Behringer Xenyx 1002
Whilst discussing microphone pickup patterns, I have researched the different settings for the Rode NT2-A microphone. I looked at this within the Sound lesson, and as a radio presenter, I feel that learning about the different ways that microphones can be used will be beneficial to my course, and I can take this information into the world of work.
The NT2-A has 3 different ways in which the microphone can pick up sound. These are Cardioid, Omnidirectional, and Figure8.
When visualising the pattern, the diagrams show the pattern from above the microphone.
The cardioid pattern picks up the majority of it’s sound from the front side of the microphone, with a little amount from the rear and from the front sides.
The Figure8 pattern allows for equal recording of both sides of the microphone, whilst controling the sound from 90 and 270 degrees. This is suitable to be used if two people are chatting on a podcast, where the style is conversational, without speaking over the other person.
This option allows for recording all the way around the microphone, so would be suitable for recording ambient background noise.
During the sound lesson, we discussed the varying patterns that are used with a directional microphone.
These can be very useful for different types of recording, be that within a gig recording a band, recording a 2-way interview, or a 360 degree recording of ambient noise.
We initially looked at the RØDE NT2-A microphone, which is Steve Cutler’s own microphone. The NT2-A has a feel of quality, and that’s what you expect with a price tag of around £200. This microphone offers 3 different pickups, Omni, Cardioid, and Figure 8, and are changed via switches on the microphone. There are also options to remove sound below a certain frequency, and reducing the volume picked up. These options are shown below.
Within the group, we used the H2n recorder from Zoom, and went into Queens Gardens to test the different settings that the H2n offers.
The 4 options offered by the recorder are 2 and 4 Channel Surround, Mid Side and XY Stereo. The switch to change these options are shown below.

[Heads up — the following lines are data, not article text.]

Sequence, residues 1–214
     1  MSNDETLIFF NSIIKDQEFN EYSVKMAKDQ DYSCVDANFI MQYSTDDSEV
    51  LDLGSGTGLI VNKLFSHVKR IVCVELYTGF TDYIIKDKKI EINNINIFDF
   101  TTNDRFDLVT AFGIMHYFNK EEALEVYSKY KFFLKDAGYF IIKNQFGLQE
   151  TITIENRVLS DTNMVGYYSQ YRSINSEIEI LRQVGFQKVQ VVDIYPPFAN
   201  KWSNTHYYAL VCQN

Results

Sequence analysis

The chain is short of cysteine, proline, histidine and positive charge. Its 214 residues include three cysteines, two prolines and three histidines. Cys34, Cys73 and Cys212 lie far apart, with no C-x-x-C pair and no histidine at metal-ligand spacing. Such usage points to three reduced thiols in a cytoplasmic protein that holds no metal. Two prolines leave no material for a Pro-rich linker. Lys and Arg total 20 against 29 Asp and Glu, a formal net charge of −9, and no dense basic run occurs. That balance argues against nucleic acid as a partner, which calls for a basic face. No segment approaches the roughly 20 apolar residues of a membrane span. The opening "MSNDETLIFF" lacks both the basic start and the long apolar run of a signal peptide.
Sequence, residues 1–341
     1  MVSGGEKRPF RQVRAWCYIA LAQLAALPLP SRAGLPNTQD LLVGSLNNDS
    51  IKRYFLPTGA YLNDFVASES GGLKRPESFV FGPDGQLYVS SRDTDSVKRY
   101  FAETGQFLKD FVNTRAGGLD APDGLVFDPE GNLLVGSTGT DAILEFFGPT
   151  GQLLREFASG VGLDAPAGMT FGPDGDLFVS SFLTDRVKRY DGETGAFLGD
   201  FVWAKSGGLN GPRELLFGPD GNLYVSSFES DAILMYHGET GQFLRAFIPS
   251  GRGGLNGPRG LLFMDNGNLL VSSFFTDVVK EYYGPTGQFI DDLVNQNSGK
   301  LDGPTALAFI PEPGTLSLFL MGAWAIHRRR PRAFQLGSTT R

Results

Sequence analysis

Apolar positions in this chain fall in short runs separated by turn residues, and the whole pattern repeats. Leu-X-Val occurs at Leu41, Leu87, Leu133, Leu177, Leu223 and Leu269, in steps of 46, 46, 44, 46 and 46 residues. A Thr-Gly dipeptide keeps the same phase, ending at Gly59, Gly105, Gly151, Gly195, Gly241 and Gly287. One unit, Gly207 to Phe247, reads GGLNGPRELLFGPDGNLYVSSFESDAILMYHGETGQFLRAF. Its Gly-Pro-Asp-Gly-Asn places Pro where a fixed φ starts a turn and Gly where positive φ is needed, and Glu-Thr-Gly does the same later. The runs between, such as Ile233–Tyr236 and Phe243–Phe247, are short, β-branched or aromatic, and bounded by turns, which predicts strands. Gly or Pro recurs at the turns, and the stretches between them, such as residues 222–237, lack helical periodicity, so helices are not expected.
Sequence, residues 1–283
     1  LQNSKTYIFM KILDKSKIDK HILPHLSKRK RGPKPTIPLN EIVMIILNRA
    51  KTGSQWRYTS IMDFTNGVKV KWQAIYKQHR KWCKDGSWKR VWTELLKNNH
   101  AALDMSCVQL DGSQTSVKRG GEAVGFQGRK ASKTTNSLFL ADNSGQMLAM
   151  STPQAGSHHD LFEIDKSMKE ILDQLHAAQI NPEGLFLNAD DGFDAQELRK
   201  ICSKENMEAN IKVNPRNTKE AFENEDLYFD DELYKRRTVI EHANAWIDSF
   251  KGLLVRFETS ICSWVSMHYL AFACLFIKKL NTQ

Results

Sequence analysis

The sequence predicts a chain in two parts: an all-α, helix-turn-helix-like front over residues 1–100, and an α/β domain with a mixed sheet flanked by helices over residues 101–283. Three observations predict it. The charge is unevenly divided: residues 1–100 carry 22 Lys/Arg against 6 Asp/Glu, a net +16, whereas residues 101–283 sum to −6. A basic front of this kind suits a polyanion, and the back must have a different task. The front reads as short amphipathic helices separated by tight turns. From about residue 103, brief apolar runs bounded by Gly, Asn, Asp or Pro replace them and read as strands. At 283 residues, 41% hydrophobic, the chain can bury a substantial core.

By using the different settings, the group recorded speech audio, and compared the files within Audition to see what the changes make. When recording our podcasts, it will be imperative that we use the correct settings, so by experimenting at this early stage, we can find the settings that are most appropriate.
For the podcast that I have to create for my assignment, I’m working with Alistair Kenyon-Brodie to work out what content we will be adding to our 10 minute creation.
As the brief states, it needs to be a Events diary, focusing on what is coming up in the next few weeks and months in and around Hull and East Yorkshire, so the plan for the next week is to identify events that are happening and will be of interest to the target audience.
Initial ideas were discussed during our pre-production planning meeting, so we are actioning those before meeting up for the lesson next Tuesday.
During the assignment, the group has a very strict timetable to maintain, and needs to have flexibility in case of any issues.
We have worked out what needs to be done, and given ourselves a manageable timeframe, given other assignment pressures from both courses that feed into this assignment.
By using this online gantt chart, we can, as a group, see who is responsible for what, and by what deadline.